About Our Program

The Program in Comparative Literature at Washington University in St. Louis offers an undergraduate major and minor in two overlapping tracks of study: comparative literature and comparative arts. On the graduate level, it offers a PhD program with a choice of one of two intertwined tracks as well as two graduate certificates, one in translation and one in early modern studies. Additionally it supports joint PhD degrees with six different literature and culture programs and departments. The program, on both the undergraduate and graduate levels, prides itself on enabling students to put together a flexible program of study that supports both critical and historical scholarship and creative endeavor (including creative writing and translation). Undergraduates find that both tracks pair well with language study, studies in the other arts, international studies, and study abroad.

PhD students choose between two related tracks: one supporting a course of study in comparative theoretically informed critical and historical inquiry, usually in at least two literary (national) cultures, and the other supporting a combination of translation or creative writing with critical and historical inquiry. The Writers’ Track comprises a uniquely calibrated combination of creative project (translation, poetry, novel, etc.) and an accompanying critical piece. A broad range of affiliate faculty from across literature and culture studies in Arts & Sciences facilitates work that crosses boundaries, seeks to make connections, and strives for the stereoscopic view of the local and the global. The program is home to a diverse international group of students who for all their differences find generative points of contact in scholarly research and creative work.

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Why study comparative literature or arts?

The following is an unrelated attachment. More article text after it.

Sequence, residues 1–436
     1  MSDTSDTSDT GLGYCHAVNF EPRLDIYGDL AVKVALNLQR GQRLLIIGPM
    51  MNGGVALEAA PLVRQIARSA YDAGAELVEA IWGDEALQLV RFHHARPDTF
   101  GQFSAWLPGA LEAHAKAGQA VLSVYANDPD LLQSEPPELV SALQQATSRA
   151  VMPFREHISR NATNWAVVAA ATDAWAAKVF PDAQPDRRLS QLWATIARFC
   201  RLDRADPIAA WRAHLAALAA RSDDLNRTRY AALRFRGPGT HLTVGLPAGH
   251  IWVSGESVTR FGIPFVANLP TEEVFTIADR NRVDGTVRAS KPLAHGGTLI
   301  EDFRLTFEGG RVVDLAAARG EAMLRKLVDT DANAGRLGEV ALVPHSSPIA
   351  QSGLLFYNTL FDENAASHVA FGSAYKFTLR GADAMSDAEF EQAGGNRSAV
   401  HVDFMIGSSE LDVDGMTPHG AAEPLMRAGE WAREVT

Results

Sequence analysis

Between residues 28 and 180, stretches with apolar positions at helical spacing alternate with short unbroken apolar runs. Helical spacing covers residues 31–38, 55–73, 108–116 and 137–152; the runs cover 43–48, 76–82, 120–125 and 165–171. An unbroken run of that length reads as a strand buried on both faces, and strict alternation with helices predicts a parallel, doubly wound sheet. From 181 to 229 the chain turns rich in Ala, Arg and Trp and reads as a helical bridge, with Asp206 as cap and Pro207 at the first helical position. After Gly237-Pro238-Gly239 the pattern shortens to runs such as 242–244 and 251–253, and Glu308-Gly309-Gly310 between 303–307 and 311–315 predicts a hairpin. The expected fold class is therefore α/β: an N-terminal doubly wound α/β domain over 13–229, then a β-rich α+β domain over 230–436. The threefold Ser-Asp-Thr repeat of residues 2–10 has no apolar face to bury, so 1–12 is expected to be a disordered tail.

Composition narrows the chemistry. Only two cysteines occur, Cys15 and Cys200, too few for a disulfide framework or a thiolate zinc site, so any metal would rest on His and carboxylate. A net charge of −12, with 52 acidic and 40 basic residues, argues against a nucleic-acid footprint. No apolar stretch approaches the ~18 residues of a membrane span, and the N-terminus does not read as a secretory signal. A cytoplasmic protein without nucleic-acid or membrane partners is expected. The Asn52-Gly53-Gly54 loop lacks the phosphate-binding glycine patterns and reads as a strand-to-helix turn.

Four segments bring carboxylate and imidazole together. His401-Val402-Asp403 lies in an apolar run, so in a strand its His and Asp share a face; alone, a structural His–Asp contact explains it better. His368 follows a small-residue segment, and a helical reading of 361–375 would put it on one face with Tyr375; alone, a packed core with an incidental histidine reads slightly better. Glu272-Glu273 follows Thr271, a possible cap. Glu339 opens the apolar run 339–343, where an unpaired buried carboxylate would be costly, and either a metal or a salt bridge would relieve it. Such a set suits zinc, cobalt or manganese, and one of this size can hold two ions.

Comparative Literature and Comparative Arts majors find internships and jobs--in the United States and abroad--where they do research, write and edit, or teach, while gaining experience and learning about fields as diverse as the environment and the arts and entertainment industries. Majors in Comparative Literature can enter degree programs in professional fields including Journalism, Law, Librarianship, and Business. Majors can study Education, to become certified to teach literature or languages in a high school. Or they can pursue a graduate degree in Comparative Literature or a national literature in preparation for a career in teaching and research at a college or university.

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Ena Selimovic wins prize for best essay in the National Collegiate Book Collecting Contest

Ena Selimovic wins prize for best essay in the National Collegiate Book Collecting Contest

Studying Comparative Literature taught me to place any translation, work of literature or artwork into the context in which it was created. I learned that creation cannot exist in a vacuum; social, historical, political, geographic and cultural context is key. This perspective, learned from a nontraditional academic path, can make me a more thoughtful, empathetic and ethical designer.

―Tori SgarroCompLit, class of 2015